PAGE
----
The Dreamstress, in particular, is an enabler. She keeps showing me pictures of things and encouraging me to make them. Her latest suggestion is a necklace shaped like ouroboros, as seen in a 1801 fashion plate from Costume Parisien.
|Close up of the snake's head. This is made from nine or ten separate flat planes sewn together to make the head shape.|
Here's the fashion plate in question. Although the necklace is the focal point, the picture is small and not very detailed. Even if you zoom in, all you can see is that the snake:
- Is green
- Appears to have a striped or spiral pattern on its body
- Has a detailed head with facial features sculpted in three dimensions
I've had to make my best guess at how the necklace might have been constructed and go from there.
|The Rijksmuseum describes this as a gold necklace, but it's coloured green in the picture. Perhaps it's supposed to be gold and emeralds, but it looks more like a beaded rope to me.|
I suspect what we see in the fashion plate is likely to be one of these:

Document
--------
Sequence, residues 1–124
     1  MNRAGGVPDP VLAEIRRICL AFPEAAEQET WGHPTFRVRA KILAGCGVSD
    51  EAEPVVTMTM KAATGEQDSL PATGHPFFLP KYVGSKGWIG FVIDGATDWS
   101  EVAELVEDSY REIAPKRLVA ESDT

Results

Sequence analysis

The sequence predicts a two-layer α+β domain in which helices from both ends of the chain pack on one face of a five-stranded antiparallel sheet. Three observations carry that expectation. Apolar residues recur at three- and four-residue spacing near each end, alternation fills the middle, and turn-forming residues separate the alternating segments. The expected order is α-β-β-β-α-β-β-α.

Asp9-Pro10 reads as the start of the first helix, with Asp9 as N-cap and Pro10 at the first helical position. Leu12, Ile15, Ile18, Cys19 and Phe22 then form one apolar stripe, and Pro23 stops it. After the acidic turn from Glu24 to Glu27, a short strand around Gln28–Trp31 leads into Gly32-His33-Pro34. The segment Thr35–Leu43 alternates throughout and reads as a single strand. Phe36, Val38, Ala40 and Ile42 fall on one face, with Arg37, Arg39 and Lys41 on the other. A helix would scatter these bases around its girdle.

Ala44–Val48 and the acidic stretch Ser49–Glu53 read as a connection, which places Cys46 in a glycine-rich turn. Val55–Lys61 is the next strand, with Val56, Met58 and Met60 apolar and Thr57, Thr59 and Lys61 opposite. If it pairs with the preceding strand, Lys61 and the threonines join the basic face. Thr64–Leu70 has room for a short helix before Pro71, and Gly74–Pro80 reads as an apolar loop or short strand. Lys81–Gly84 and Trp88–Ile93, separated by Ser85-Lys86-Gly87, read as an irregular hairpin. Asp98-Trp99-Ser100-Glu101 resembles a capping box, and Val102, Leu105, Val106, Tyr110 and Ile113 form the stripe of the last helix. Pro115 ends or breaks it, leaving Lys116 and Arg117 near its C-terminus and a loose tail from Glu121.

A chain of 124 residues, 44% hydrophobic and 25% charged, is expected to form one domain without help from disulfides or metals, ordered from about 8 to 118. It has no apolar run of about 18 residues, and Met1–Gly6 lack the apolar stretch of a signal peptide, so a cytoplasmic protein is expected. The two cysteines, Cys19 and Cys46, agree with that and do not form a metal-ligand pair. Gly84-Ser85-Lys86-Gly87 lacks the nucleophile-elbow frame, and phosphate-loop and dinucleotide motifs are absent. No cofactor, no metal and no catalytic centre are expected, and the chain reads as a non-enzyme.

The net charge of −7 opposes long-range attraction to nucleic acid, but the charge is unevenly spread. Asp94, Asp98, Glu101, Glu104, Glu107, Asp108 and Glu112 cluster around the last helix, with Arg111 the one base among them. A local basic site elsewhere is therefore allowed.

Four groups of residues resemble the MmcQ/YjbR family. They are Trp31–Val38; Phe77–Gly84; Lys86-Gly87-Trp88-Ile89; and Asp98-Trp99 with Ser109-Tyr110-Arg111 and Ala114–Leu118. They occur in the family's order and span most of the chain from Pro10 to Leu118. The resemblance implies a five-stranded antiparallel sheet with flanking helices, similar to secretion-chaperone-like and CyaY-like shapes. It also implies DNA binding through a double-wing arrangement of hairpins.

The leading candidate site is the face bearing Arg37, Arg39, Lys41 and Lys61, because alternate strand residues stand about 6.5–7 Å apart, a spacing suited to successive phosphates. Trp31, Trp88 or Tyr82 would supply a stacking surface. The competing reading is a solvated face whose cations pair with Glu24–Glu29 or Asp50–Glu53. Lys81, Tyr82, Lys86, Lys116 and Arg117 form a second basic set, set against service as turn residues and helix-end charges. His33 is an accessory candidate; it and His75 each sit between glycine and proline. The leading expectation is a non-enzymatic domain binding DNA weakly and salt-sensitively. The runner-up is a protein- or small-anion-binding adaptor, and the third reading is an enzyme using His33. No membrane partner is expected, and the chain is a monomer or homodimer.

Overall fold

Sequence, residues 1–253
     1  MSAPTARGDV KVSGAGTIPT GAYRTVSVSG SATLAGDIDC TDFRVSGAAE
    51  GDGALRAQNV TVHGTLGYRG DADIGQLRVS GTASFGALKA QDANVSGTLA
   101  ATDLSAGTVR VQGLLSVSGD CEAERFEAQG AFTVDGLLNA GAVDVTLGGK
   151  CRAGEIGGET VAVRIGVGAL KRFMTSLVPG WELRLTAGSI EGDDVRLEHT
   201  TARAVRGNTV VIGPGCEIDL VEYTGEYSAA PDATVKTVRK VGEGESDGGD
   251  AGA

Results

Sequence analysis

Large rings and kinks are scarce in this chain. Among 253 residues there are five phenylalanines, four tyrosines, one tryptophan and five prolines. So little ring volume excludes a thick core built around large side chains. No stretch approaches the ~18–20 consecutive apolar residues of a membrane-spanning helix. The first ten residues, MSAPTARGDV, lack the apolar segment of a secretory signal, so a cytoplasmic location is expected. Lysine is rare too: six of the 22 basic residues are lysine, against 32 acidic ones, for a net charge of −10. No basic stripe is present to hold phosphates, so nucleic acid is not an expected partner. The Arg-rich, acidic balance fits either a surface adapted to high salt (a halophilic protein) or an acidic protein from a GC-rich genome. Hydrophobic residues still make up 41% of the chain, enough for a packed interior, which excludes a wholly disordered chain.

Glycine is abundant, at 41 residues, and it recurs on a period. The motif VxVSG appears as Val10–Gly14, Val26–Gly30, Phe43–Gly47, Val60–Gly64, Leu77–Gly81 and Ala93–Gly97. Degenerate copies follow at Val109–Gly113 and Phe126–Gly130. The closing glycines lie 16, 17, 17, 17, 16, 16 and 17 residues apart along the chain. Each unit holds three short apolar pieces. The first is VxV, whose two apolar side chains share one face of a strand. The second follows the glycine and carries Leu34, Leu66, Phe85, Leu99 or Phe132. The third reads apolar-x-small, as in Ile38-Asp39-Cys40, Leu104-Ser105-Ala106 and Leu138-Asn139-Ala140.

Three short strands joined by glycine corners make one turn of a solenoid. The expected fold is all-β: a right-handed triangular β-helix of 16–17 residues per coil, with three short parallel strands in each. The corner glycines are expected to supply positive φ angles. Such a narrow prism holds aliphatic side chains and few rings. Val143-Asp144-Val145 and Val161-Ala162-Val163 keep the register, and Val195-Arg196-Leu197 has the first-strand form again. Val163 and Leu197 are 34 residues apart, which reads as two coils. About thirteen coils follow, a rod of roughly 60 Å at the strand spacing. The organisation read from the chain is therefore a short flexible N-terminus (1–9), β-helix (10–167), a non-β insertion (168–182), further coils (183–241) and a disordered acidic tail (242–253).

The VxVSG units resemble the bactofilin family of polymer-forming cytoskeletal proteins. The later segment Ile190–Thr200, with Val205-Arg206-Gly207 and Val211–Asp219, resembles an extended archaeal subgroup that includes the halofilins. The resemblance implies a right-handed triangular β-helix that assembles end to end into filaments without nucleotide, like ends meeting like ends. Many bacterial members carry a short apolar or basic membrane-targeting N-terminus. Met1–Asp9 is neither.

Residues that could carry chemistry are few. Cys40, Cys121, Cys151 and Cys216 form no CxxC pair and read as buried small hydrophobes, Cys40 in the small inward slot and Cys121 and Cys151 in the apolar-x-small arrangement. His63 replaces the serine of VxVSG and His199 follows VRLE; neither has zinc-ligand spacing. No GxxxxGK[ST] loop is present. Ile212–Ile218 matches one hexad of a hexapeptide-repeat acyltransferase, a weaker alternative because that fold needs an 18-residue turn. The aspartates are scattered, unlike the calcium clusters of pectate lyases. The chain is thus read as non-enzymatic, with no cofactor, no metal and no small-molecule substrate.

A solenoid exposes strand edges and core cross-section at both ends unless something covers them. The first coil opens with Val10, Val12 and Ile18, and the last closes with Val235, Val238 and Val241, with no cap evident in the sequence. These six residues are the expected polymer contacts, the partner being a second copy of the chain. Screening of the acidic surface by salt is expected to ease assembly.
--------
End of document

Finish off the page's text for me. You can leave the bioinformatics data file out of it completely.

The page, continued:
|Beaded snake made by an Ottoman prisoner of war during WWI. It's made using a beaded crochet technique.|
The snake is a good luck symbol in Turkey and some other Near Eastern countries, where beaded snakes seem to have been a traditional craft item. During WWI, some POWs from the Ottoman Empire made beadwork items, including snakes like this one, to earn money.
In the early 19th century there was a lot of interest in Oriental art, which was novel and exotic to Western Europeans, and it wouldn’t be surprising for a fashionable Parisian lady to have a necklace made in the Ottoman Empire. But this is just a hypothesis. There are many ways to make a beaded snake, and the Costume Parisien illustration predates the WWI snake by over a hundred years. In any case, I didn’t especially want to learn bead crochet. I wanted something relaxing to do while binge watching Ru Paul’s Drag Race. Thus, my necklace is a tubular net made with silk thread and there's no crochet involved at all.
The challenge: Above the Belt.
Material: Tubular net made using glass seed beads.
Pattern: N/A; I made it up as I went along.
Notions: Silk thread, glass beads in sizes 12/0 and 6/0.
How historically accurate is it? I believe the original necklace was probably made using different techniques. My version resembles the necklace in the fashion plate, but it's not a replica of any specific object and it's not made using historical methods.
Hours to complete: 15 or so.
First worn: Not yet, but I plan to wear it out on the town! This necklace is a great statement piece for 21st century wear.
Total cost: $47.50.